By Eric Schweibenz
Further to our March 19, 2010 post, on March 31, 2010, ALJ Carl C. Charneski issued the public version of the Enforcement Initial Determination (“EID”) (dated March 18, 2010) in Certain Voltage Regulators, Components Thereof, and Products Containing Same (Inv. No. 337-TA-564).  In the EID, ALJ Charneski found that a violation had occurred of the ITC’s limited exclusion order (“LEO”) and recommended that a cease-and-desist order issue against Respondent Advanced Analogic Technologies, Inc. (“AATI”).

By way of background, the ITC issued its Final Determination on September 24, 2007 finding that a representative AATI voltage regulator infringed claims 2, 3 and 34 of Complainant Linear Technology Corporation’s (“Linear”) U.S. Patent No. 6,580,258 (the ‘258 patent).  The ITC issued an LEO directed to AATI with respect to voltage regulators covered by the asserted claims.  Linear thereafter filed a complaint requesting that the ITC institute a formal enforcement proceeding against AATI for alleged violation of the LEO.  On October 1, 2008, the ITC issued a Notice of Institution of Formal Enforcement Proceeding.  A tutorial was held in the enforcement proceeding on January 5 and an evidentiary hearing was held on January 11-13, 2010.

The only claim term in dispute in the enforcement proceeding is the word “OFF” that appears in claims 2 and 34 of the ‘258 patent.  Linear and the Commission Investigative Staff (“OUII”) argued that the plain and ordinary meaning of the term in the context of the patent is “driven to conduct only an insignificant amount of current.”  AATI proposed that the term should be construed to mean “rendered non-conducting,” and further argued that Linear should be prevented from asserting that “OFF” has a meaning contrary to that which Linear argued to the Federal Circuit in litigation involving a related patent under the equitable doctrine of judicial estoppel.  ALJ Charneski rejected AATI’s judicial estoppel argument, stating that AATI had not shown that Linear’s earlier representations are inconsistent with its current arguments, and adopted the construction proposed by Linear and OUII.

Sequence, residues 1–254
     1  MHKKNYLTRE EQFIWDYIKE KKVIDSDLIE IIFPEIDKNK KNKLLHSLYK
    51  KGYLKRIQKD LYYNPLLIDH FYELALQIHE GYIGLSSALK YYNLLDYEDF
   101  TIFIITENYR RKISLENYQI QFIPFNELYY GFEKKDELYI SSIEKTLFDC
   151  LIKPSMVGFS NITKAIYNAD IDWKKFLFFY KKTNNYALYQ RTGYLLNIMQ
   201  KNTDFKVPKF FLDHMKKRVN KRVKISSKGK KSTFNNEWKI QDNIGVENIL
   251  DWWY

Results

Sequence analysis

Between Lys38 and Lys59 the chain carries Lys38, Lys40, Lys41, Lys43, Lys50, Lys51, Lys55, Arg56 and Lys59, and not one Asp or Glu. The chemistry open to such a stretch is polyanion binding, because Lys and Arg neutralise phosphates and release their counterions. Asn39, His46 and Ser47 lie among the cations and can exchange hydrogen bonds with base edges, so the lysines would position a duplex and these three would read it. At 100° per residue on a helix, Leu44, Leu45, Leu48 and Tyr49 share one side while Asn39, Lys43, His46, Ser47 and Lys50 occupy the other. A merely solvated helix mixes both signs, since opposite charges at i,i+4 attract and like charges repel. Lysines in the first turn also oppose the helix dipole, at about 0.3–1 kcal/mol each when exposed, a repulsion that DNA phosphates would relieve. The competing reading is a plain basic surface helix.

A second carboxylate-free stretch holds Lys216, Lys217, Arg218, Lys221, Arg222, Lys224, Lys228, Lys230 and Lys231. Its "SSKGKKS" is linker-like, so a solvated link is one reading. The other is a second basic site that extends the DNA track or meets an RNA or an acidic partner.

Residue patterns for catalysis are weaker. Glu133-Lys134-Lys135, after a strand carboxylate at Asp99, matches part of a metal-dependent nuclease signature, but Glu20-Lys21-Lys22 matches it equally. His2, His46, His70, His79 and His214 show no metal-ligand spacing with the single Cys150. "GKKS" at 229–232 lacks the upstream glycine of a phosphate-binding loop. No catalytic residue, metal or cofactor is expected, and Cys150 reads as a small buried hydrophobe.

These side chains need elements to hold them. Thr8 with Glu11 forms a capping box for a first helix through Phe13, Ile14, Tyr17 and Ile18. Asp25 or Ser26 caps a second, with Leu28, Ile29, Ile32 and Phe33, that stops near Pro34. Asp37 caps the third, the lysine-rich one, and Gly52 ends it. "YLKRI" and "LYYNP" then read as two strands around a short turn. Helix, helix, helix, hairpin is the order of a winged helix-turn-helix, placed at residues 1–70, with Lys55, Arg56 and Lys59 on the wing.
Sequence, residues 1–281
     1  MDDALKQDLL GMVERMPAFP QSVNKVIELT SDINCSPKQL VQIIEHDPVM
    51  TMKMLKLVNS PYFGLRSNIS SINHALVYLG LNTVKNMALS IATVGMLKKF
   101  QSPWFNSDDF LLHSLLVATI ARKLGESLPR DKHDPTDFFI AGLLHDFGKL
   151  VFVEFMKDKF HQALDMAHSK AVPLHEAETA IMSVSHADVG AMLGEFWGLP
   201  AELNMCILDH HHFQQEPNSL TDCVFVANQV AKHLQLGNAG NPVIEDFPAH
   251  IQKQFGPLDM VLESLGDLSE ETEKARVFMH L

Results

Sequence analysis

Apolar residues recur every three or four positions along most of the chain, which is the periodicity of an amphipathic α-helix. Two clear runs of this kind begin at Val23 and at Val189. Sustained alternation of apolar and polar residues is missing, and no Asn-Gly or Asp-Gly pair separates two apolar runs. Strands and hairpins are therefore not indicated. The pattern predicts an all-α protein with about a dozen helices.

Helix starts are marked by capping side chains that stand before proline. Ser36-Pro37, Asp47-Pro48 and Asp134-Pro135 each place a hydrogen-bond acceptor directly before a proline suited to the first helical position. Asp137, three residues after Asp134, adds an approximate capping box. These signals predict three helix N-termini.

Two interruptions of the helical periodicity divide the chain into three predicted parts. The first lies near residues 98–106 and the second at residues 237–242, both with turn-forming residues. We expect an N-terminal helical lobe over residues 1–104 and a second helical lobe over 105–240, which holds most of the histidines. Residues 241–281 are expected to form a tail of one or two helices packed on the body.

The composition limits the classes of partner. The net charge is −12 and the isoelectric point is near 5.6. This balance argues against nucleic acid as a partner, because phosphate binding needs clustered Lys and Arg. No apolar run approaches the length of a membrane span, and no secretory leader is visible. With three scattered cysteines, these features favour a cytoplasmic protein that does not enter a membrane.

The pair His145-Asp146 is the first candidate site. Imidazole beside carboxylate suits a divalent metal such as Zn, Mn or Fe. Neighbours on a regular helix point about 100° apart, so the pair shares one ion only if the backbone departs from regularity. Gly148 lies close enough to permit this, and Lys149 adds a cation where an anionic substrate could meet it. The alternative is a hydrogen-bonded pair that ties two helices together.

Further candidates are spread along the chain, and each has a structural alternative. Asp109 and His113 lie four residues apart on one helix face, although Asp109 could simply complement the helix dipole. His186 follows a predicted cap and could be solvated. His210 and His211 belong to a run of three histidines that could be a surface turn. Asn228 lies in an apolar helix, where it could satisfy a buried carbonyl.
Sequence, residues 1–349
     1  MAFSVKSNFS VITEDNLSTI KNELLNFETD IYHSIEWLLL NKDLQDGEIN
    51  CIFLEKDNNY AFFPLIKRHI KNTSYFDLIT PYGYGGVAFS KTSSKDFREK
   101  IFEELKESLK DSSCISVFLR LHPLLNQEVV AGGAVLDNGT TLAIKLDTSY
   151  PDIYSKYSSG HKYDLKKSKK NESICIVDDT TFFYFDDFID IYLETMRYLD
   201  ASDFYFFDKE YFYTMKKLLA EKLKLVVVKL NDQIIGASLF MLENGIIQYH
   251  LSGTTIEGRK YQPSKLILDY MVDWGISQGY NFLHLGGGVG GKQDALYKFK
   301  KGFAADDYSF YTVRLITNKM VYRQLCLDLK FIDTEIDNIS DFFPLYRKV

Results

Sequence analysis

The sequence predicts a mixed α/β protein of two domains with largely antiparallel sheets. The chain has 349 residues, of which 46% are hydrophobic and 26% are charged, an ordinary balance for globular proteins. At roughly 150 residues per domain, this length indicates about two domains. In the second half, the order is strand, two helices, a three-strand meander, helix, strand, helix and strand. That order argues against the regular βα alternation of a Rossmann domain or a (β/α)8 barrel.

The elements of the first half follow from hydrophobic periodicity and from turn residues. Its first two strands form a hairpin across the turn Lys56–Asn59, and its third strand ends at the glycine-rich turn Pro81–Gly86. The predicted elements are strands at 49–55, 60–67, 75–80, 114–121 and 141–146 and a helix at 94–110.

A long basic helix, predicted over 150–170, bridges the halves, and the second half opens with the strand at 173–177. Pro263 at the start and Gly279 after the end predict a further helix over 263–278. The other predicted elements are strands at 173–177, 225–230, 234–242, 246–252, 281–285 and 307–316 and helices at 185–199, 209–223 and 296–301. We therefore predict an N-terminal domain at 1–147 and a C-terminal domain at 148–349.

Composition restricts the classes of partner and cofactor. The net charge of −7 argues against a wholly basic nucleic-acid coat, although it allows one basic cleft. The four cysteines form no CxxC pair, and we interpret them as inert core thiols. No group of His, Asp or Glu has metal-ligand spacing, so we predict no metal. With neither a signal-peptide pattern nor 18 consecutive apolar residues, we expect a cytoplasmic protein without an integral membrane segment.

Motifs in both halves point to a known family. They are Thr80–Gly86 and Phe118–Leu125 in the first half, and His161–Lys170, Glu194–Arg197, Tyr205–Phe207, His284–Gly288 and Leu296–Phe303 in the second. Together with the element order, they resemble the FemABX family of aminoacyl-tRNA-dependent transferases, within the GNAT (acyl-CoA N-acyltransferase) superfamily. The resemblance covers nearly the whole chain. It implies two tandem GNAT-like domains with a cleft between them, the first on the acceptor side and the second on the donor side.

Linear accused AATI of direct infringement of claims 2 and 34 of the ‘258 patent, as well as induced and contributory infringement, and alleged that the importation, sale for importation, or sale after importation of the accused products violated the LEO issued in the underlying investigation.  Linear accused a number of AATI voltage regulators, of which the parties stipulated that the AAT2158 is representative.  ALJ Charneski’s infringement analysis focused primarily on whether transistors in the accused products turn “OFF” in accordance with claims 2 and 34.

In the EID, ALJ Charneski found that the accused products literally infringe the asserted claims because their drive circuitry causes at least one of the transistors to enter a high impedance state by biasing the transistor at a non-zero gate-to-source voltage of approximately 560 millivolts, which is too small to create a significant inversion layer within the transistor, and so current flow is restricted to the “insignificant” amount of 20 microamps or less, which is indicative of a transistor in the claimed OFF state.  ALJ Charneski further found that if “OFF” were construed to mean “non-conducting” such that an “insignificant” amount of current flow was deemed outside the literal scope of the claims, the accused products would nonetheless infringe under the doctrine of equivalents because the differences between the accused products and the claimed invention would be insubstantial.